Finding Family: The Broken Road Home


You can kiss your family and friends good-bye and put miles between you, but at the same time you carry them with you in your heart, your mind, your stomach, because you do not just live in a world but a world lives in you. 

-Frederick Buechner

I’m not sure if it’s the fall weather encroaching or the fact that I’m becoming more nostalgic with age, but something has been at the forefront of my heart and mind as of late and I can’t seem to shake it.  I don’t want to shake it.  It’s beautiful, complex, frustrating, exhilarating, heartbreaking, fun, weird, grounding, dangerous, and safe all at once.

 Everyone has it on some level and have been seriously impacted by it, undoubtedly.  I believe we must somehow, either literally or figuratively, leave it at some point in order to honestly choose to love and enjoy it in the end.  This thing is called family.

Longing for Camelot

What comes up for you with the mention of family?  Is it sadness?  Regret? Longing? Love? For me, this slow and heavy wave of gratitude washes over. It wasn’t always like this as my journey of self-exploration and wholeness have taken me through some dark stretches of distance from my family.  Of course there were disappointments due to impossible expectations, yet what I am learning is that many of those expectations are really for myself, not my family.  Camelot was always an illusive grasp away.  This post is a personal one; one I hope you don’t mind me sharing.  It is one of stark honesty and yearning.  This post is for anyone who longs for family- for home; anyone who may sit in a place of loss and loneliness.

This past weekend my husband and I had a marriage celebration for close family and friends in our hometown of Nashville.  We both come from large families and were unable to invite everyone to our teeny tiny wedding ceremony in California.  For this reason, we decided to have a small reception back home for those who couldn’t make the trip.  I saw relatives I hadn’t seen in years and met several new ones I had just gained.  It was truly special.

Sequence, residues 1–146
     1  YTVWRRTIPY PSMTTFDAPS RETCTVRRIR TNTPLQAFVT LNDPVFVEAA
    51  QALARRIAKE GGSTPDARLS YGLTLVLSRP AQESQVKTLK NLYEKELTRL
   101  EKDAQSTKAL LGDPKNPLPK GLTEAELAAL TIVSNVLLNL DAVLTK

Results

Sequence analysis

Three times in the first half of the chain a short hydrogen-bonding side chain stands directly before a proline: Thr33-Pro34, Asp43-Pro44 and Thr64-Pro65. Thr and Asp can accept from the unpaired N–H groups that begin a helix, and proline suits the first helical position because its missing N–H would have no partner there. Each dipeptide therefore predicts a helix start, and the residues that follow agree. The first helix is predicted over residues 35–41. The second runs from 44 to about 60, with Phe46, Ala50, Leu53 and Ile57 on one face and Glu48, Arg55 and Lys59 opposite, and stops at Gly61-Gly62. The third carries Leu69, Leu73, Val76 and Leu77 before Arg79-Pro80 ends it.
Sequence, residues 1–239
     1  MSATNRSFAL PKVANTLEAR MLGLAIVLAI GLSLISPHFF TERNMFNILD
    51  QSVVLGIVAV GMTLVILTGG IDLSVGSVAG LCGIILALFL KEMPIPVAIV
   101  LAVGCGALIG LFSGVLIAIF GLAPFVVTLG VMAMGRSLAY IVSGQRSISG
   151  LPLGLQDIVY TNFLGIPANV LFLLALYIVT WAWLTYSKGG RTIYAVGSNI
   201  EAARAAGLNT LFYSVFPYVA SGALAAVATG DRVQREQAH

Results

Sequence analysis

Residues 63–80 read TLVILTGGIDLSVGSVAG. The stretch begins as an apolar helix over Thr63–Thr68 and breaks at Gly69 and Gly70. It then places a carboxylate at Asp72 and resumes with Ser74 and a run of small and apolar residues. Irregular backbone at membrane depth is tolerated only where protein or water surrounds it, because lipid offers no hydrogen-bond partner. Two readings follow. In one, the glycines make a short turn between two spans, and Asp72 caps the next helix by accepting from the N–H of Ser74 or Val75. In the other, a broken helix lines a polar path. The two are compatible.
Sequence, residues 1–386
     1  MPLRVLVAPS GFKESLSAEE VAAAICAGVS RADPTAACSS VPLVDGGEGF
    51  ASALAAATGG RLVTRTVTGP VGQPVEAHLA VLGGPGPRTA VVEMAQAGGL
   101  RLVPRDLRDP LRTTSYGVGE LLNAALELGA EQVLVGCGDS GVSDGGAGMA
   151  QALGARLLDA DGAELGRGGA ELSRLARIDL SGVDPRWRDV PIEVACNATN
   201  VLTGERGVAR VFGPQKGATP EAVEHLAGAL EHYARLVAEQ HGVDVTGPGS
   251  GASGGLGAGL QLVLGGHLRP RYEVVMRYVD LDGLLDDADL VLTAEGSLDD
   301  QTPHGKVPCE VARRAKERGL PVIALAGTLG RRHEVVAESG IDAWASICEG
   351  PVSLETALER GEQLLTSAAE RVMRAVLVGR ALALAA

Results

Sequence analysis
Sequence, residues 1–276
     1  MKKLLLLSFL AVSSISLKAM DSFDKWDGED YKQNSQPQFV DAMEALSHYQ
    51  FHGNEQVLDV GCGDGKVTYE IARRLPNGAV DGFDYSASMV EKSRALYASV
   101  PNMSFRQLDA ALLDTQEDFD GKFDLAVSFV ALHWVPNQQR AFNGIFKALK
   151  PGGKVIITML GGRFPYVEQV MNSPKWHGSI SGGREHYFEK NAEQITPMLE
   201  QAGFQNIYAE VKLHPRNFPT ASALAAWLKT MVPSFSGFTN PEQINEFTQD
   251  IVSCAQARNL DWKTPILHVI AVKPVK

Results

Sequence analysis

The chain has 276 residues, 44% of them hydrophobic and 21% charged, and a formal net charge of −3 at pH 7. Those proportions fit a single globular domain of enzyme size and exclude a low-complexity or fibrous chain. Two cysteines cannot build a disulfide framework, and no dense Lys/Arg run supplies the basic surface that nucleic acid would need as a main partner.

Late Bloomer

I waited until age 36 to get married.  Though this wasn’tnecessarily on purpose, it was absolutely perfect timing. God knew that all along.  I say this because I have never quite experienced anything like a wedding or shower where I felt the love of lifetime relationships joined together and funneled in my direction until the past several months.  It is humbling, beautiful, and a bit awkward as I always just feel I make things a little bit awkward with my pointed strangeness in the center of an outpouring of goodwill.  Receiving just for the sake of receiving doesn’t come naturally, I like to earn it.

The power of choice

I realize I am blessed.  I realize something deep and glaring and worth its weight in gold: Relationships are the most important thing and should be intentionally nurtured over time.  Sometimes this comes in the form of a family of origin; often times this comes in a family of choice, one we build.

I love how Elizabeth Gilbert puts it: “We must take care of our families wherever we find them.”  The truth is, for many of us, the word family brings up immeasurable pain and anxiety as safety and protection were needs that went missing in our family of origin.  In therapy, we spend a great deal of time unpacking that pain and trauma in order to rewire a narrative of value, love, acceptance, and possibility.  Needs such as provision, encouragement, affection, play, and structure were denied and as a result, had to be met elsewhere.  Survival became twisted resulting in unhealthy relationships, denial of our needs altogether, parenting aloof parents, acting out behavior, and on and on.


I have been watching, no bingeing on the Netflix series, Bloodlines, recently.  Wow… Talk about some serious family dysfunction.  They (the Rayburn’s) make The Sopranos look like a squeaky non-animated version of the Flintstones.  It seems there is a dominant thread touching every piece of brokenness: dishonesty.  As a result, everyone is operating out of their own best version of who they are and what might be happening.

More of my story